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I have 14 different IF formulas I am trying to combine. They are all different calculations (see below). For now I have each formula in a different column and then a new column which adds the values on each row to get one column with all the numbers I need (each row will only have one value). Is there a better way to do this?

L Column =IF(K2="Regular",H2,IF(AND(K2="Regular Attendance Penalty",E2="TEMPRILEY"),(H2/1.38)-1)*1.38)

M Column =IF(AND(K2="Regular Attendance Penalty",E2="TEMPTRC"),(H2/1.4)-1)*1.4

N Column =IF(AND(K2="Overtime",E2="TEMPTRC"),(H2/1.5)*1.25)

O Column =IF(AND(K2="OT Regular Attendance Penalty OT",E2="TEMPTRC"),(H2/1.4)-1)*1.4*1.25

P Column =IF(AND(K2="Regular Attendance Penalty",E2="TEMPINT"),(H2/1.4)-1)*1.4

Q Column =IF(AND(K2="Overtime",E2="TEMPINT"),(H2/1.5)/1.4)*1.5*1.34)

R Column =IF(AND(K2="OT Regular Attendance Penalty OT",E2="TEMPRILEY"),(H2/1.38)-1)*1.5*1.38

S Column =IF(AND(K2="Overtime",E2="TEMPRILEY"),H2)

T Column =IF(AND(K2="OT Regular Attendance Penalty OT",E2="TEMPINT"),(H2/1.4)-1)*1.5*1.34

U Column =IF(AND(K2="Regular 2nd Shift Attendance Penalty",E2="TEMPINT2nd"),(H2/2/1.4)-0.75)*1.4

V Column =IF(AND(K2="Regular 2nd Shift Attendance Penalty",E2="TEMPTRC2nd"),(H2/2/1.4)-0.75)*1.4

W Column =IF(AND(K2="Regular 2nd Shift Attendance Penalty",E2="TEMPRILEY2nd"),(H2/2/1.38)-0.75)*1.38

X Column =IF(AND(K2="Regular Shift 2",E2="TEMPTRC2ND"),H2)

Y Column =IF(AND(K2="Regular Shift 2",E2="TEMPINT2ND"),H2)

X Column =IF(AND(K2="Regular Shift 2",E2="TEMPRILEY2ND"),H2)
  • Do you have the IFS function available? It's in Excel 365 but may be in the latest release of 2016. It would help if we knew what version of Excel you have. – BillDOe Dec 28 '18 at 21:43
  • Why are you using such weird formulas? ((H2/1.38)-1)*1.38 is H2-1.38 to within round-off error; (H2/1.5)*1.25 is H2*5/6, ((H2/1.5)/1.4)*1.5*1.34 is (H2/1.4)*1.34 which is H2*1.34/1.4 or H2*67/70, etc. – Scott Dec 28 '18 at 21:43
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    What is "better"? Cramming all this into one very long formula can certainly be done, but is it "better"? What are your criteria for "better"? Spreading the logic out over several cells will make the logic easier to follow and apply changes when required. Think of the person who will inherit this workbook from you. Or think 6 months into the future when you only faintly recall what this is all about. What will be easier to maintain? One huge formula that will take you hours to decipher or the logic neatly arranged in separate cells? – teylyn Dec 28 '18 at 22:28
  • Also, each formula produces an independent result. How do you combine those results? If combining them involves cell references to these formulas, just replace the cell reference with that cell's formula. – fixer1234 Dec 28 '18 at 23:36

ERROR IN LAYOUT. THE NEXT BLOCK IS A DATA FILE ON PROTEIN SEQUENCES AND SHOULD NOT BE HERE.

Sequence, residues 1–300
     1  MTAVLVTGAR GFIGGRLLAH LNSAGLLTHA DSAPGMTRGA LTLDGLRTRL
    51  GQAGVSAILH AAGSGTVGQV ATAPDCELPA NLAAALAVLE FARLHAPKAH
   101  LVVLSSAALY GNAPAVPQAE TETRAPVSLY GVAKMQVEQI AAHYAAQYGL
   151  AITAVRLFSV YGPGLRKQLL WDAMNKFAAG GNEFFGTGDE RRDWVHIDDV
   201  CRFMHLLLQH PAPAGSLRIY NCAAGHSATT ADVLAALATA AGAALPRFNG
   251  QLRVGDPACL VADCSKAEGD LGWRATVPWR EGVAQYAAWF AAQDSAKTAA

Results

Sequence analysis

• Could you share the sample data to understand the relationship with Cell values and Formulas!! – Rajesh S Dec 29 '18 at 8:51
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I agree with teylyn's comment about combining all of this into a single formula. It will be impossible to maintain or troubleshoot. Without analyzing each formula, it does look like many of the formulas are based on the same factors, so it may be possible to reduce the number of formulas by consolidating some of the logic.

That said, if you absolutely, positively need this combined into a single formula, it is straightforward since you aren't doing anything like array formulas. I'm going to assume that all of your formulas are working and doing what you want. You describe using a formula in another column to combine the individual results. It sounds like you may be just adding the results, so perhaps your formula looks like:

=L2+M2+N2+O2+P2+Q2+R2+S2+T2+U2+V2+W2+X2

If your consolidation formula is more complex, that's fine; the same principle applies. I'll use this example to explain the process.

What you do is replace each cell reference with the formula in the referenced cell (excluding the initial equal sign). As an illustration, I'll start with X2 since that has a relatively short formula. Rather than retype all of the formulas, copy and paste like this:

  • Click on cell X2. In the formula window, select everything but the initial equal sign and then click Ctrl+C to copy it to the clipboard.
  • Click Esc to cancel editing the formula.
  • Click on the consolidation cell.
  • In the formula window, select X2 within the formula. Replace it by pasting the formula from the clipboard with Ctrl+V.
  • Click Enter to save the first change.

After this first replacement, the consolidation formula would look like:

=L2+M2+N2+O2+P2+Q2+R2+S2+T2+U2+V2+W2+IF(AND(K2="Regular Shift 2",E2="TEMPRILEY2ND"),H2)

Repeat the process for each of the other cell references in the consolidation formula.

Once all of the formulas have been transferred into the consolidated one, and you verify that it works, it will no longer rely on any of the component formulas, so you can delete them. However, I would urge you not to just delete them because they may simplify your life if you ever need to reconstruct or modify the "beast". At least copy the worksheet to another worksheet to preserve it before deleting the component formulas.

CAVEAT: if your current consolidation formula specifies this as a range, like =SUM(L2:X2), you won't be able to just replace L2 and X2 in the formula. You will need to have an explicit reference to each component cell so that all of their formulas get consolidated.

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    You did lots of hard work,,, but missing is the sample data to cope up with all. Getting 10. ☺ – Rajesh S Dec 31 '18 at 6:29

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